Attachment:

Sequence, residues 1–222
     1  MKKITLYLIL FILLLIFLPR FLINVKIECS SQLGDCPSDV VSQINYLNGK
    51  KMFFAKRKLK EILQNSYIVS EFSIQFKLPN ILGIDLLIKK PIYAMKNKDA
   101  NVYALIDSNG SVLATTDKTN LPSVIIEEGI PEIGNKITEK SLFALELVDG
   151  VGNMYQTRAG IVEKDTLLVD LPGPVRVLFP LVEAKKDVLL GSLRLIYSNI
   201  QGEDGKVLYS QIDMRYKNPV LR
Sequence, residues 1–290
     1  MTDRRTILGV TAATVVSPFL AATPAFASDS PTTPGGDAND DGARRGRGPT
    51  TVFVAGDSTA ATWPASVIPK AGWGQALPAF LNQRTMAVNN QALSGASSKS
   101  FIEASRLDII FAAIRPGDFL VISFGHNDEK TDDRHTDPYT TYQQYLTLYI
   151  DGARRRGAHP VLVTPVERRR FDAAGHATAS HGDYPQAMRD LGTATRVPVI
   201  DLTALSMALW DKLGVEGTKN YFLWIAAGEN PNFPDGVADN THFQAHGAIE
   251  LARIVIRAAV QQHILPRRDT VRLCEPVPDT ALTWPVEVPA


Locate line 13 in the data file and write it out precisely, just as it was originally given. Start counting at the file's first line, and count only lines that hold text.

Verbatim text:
   251  LARIVIRAAV QQHILPRRDT VRLCEPVPDT ALTWPVEVPA